And like hundreds of New York's free-lance musicians, he waits for the phone to ring. During work-filled months, he spends a good part of the time on the road. He spent all of October and most of November, for example, touring the United States and Europe with the Tony Williams Quintet. "My highest dream was to play with Art Blakey," says the soft-spoken Roney, who only recently left the Blakey band. "But my secret dream was to play with Tony Williams. I think he's taken the music to its highest plateau so far."

When he's not touring, the financial pickings are slim. Gone are the numerous clubs and big bands of the '40s, which provided the economic and musical framework for the growth and exposure of such young artists as Dizzy Gillespie and Charlie Parker. Most of the jazzmen graduating from music colleges in the '80s face a musical world that offers little economic hope.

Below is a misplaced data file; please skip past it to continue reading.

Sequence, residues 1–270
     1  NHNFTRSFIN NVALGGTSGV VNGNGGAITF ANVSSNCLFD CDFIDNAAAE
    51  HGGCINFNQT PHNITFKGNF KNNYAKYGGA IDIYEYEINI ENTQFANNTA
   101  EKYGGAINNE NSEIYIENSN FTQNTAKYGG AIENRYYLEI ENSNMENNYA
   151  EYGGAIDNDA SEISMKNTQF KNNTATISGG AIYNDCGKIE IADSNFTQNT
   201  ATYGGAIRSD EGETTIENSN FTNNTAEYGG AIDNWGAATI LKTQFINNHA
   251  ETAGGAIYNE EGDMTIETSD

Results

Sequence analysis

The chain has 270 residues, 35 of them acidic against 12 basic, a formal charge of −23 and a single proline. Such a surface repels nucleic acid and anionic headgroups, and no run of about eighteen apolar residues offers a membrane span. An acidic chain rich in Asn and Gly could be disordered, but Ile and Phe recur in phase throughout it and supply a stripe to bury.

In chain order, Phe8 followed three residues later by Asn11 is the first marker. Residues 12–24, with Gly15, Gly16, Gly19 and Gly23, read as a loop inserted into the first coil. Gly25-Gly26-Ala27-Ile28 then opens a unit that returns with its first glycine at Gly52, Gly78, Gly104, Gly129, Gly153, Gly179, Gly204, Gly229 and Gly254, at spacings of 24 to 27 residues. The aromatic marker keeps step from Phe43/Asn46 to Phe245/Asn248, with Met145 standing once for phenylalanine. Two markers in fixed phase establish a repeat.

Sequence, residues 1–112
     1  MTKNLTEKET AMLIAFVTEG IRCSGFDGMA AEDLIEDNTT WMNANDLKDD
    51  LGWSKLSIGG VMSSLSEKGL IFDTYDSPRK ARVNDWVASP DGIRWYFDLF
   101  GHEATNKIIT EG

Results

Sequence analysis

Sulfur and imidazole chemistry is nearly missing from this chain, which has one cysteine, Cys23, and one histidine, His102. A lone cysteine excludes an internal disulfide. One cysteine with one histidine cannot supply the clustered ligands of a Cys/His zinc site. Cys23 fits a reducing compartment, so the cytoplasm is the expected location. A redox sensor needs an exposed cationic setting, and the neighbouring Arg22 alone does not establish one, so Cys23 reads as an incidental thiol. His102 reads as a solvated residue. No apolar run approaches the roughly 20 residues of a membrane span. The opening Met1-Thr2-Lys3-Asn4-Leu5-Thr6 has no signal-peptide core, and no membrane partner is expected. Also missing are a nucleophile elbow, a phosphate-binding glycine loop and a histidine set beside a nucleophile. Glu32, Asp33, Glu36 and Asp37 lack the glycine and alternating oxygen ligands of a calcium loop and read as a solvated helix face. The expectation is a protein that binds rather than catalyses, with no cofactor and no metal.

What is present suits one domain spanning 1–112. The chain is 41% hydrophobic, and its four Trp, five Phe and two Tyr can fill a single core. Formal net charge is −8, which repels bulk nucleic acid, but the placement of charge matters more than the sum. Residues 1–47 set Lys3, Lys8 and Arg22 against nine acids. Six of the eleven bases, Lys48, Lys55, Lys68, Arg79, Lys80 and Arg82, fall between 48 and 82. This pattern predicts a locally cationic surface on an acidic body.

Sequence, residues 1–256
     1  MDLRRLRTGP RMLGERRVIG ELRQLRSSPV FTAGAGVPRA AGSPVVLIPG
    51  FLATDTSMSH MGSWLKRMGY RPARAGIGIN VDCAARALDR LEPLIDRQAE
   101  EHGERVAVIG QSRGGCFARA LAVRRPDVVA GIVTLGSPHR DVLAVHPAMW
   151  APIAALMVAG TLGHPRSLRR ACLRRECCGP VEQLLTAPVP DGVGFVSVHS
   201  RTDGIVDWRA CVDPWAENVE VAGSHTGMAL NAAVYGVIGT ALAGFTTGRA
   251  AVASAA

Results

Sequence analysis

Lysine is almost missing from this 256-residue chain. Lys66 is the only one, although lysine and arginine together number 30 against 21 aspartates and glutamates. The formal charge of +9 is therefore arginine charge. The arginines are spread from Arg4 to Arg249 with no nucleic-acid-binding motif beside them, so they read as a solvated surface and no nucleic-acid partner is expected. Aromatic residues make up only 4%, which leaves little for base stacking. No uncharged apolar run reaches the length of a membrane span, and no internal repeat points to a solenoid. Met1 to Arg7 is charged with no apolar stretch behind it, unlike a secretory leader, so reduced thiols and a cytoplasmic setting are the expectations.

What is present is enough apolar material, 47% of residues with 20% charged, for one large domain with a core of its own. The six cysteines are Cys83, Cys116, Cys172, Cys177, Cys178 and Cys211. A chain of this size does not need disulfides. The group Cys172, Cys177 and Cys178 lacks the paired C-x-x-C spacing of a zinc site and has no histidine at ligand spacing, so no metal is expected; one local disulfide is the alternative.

"The college bands are overflowing with talented youngsters who could have gone on to become heroes in another time," jazz trombonist Bill Watrous said in a recent interview. "In the Tommy Dorsey days, there were vehicles that gave exposure to musicians coming up -- the big bands, which were yesterday's counterpart to the rock acts of the 1980s. Today, when they graduate, no matter how good they are, where are these humongous talents going to get a job?"

Roney says he might work six months one year, and one month the next. And while his album "Verses" has received strong airplay, almost no jazz album can guarantee financial security -- sales of 500,000 are considered outstanding in jazz.

What usually supports the jazz artist are earnings from tours, concerts and festivals. Most tours and venues are controlled by promoters and record executives who create a fickle, selective star system. So even as the indisputably talented Wynton Marsalis is served up as the King of the Hill, one of the latest Jazz Giants, there are other talented young trumpeters -- along with veterans like Woody Shaw, Freddie Hubbard, Art Farmer and Clark Terry -- who are alternately dropped or shuttled from label to label. It's a point that Marsalis has often made himself: that there are other good players out there.